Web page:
Furthermore, the Wisconsin Department of Justice’s open records compliance guide states, “The Attorney General has advised that where information is stored in a database a person can ‘within reasonable limits’ request a data run to obtain the requested information. Use a rule of reason to determine whether retrieving electronically stored data entails the creation of a new record. Consider the time, expense, and difficulty of extracting the data requested, and whether the agency itself ever looks at
the data in the format requested.”

We have also sent an open records request to the Milwaukee County Clerk of Courts for the data.

Protasiewicz has defended letting rapist abductor Anton Veasley walk out the courthouse door on sentencing day despite the fact he abducted and raped a teenage girl he randomly saw walking down the street in Milwaukee. She gave him no prison time, time served, and probation.

According to Ballotpedia, Protasiewicz was first elected judge on April 1, 2014. Before that time, she was a prosecutor, not in a position to sentence anyone. Her campaign says she has spent part of her time as a Milwaukee judge in family court where, again, she would not be in a position to sentence anyone. A judicial rotation confirms she was assigned to family court in June 2021. CCAP confirms that she’s still currently in family court.

Later in the same interview, Protasiewicz said that the Republican Party of Wisconsin had filed an open records request “for every case I have touched since I became a judge and there are thousands of them.”

We asked the State Republican Party for the list of Protasiewicz’s cases. Included on the list of cases: A lot of cases for which there was no sentencing, things like civil, small claims, and family cases. The list also includes cases that were dismissed.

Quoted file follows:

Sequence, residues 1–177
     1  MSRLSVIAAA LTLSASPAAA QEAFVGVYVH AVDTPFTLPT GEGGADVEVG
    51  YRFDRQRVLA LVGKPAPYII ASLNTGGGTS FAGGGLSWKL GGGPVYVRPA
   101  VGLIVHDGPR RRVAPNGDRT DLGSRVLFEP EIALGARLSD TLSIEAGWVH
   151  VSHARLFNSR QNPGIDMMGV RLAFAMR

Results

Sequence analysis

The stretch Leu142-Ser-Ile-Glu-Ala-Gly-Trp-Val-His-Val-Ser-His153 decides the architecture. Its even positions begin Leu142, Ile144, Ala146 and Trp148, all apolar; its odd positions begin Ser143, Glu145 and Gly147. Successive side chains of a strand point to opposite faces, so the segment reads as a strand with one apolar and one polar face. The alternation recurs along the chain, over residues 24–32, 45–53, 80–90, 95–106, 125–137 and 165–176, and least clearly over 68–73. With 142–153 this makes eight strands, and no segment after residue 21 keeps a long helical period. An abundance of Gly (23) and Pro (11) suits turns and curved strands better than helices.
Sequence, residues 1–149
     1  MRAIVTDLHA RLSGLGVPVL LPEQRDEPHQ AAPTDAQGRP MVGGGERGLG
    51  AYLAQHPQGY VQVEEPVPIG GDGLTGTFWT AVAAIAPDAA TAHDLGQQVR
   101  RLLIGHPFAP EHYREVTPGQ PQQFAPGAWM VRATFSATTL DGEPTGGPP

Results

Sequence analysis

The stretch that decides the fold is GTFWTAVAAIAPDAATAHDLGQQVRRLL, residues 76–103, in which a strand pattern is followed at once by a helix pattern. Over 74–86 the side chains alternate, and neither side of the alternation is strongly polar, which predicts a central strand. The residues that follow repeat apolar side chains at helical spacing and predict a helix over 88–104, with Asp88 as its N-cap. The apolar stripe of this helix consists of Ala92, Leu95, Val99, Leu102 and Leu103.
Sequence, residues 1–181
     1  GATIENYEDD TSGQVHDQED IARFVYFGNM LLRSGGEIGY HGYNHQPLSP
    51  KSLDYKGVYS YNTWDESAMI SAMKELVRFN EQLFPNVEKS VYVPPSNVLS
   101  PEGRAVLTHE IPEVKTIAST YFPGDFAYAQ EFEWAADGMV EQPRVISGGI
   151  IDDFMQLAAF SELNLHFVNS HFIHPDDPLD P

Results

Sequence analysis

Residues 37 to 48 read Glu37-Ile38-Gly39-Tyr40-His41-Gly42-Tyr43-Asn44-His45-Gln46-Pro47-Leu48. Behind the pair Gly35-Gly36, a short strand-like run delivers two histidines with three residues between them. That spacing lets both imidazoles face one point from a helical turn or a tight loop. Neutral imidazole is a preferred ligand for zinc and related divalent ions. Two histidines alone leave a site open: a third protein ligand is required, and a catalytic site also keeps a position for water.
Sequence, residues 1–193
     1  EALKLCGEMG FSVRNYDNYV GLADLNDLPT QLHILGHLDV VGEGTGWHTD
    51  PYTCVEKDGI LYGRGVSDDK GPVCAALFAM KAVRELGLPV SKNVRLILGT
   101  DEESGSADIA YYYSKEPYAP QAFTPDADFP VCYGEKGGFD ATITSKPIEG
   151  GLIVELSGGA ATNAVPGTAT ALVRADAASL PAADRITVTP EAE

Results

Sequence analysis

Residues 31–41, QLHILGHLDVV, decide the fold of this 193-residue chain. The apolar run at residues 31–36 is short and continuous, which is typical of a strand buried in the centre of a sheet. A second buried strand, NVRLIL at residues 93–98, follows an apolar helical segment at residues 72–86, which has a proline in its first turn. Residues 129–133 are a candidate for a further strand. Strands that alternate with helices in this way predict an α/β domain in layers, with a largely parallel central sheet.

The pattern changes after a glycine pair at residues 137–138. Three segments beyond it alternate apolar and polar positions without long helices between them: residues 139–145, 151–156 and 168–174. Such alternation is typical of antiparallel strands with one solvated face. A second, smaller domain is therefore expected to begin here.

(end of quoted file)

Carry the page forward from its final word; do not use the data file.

We ran a computer formula to determine how many cases had Protasiewicz’s name attached to them, and we came up with:

Felonies 1,035
Misdemeanors 1,554
Criminal Traffic 879
Traffic 1,808
Total 5,276

That’s obviously nowhere close to the “tens of thousands” of cases she claimed and, again, all of those cases are not sentencings. That’s why we asked the courthouse for a list of her sentencings to no avail in an attempt to get an exact number. Either way, it won’t be more than 10,000 and certainly not close to 20,000.

Furthermore, that number is inflated because we included traffic cases, which arguably aren’t sentencings. A number of the cases were before Protasiewicz as a judge but did not go to sentencing.

The point is: Protasiewicz lied. She has not sentenced “tens of thousands” of people. And she is trying to block the public from learning the exact number.

Let’s do the math another way. There have been 2,618 days from April 1, 2014 to June 1, 2021, and, of course, some of those were weekends. She would have had to handle more than 7 sentencing hearings every single day, including every Saturday and Sunday, without taking any days off, ever, to reach 20,000 sentencing hearings.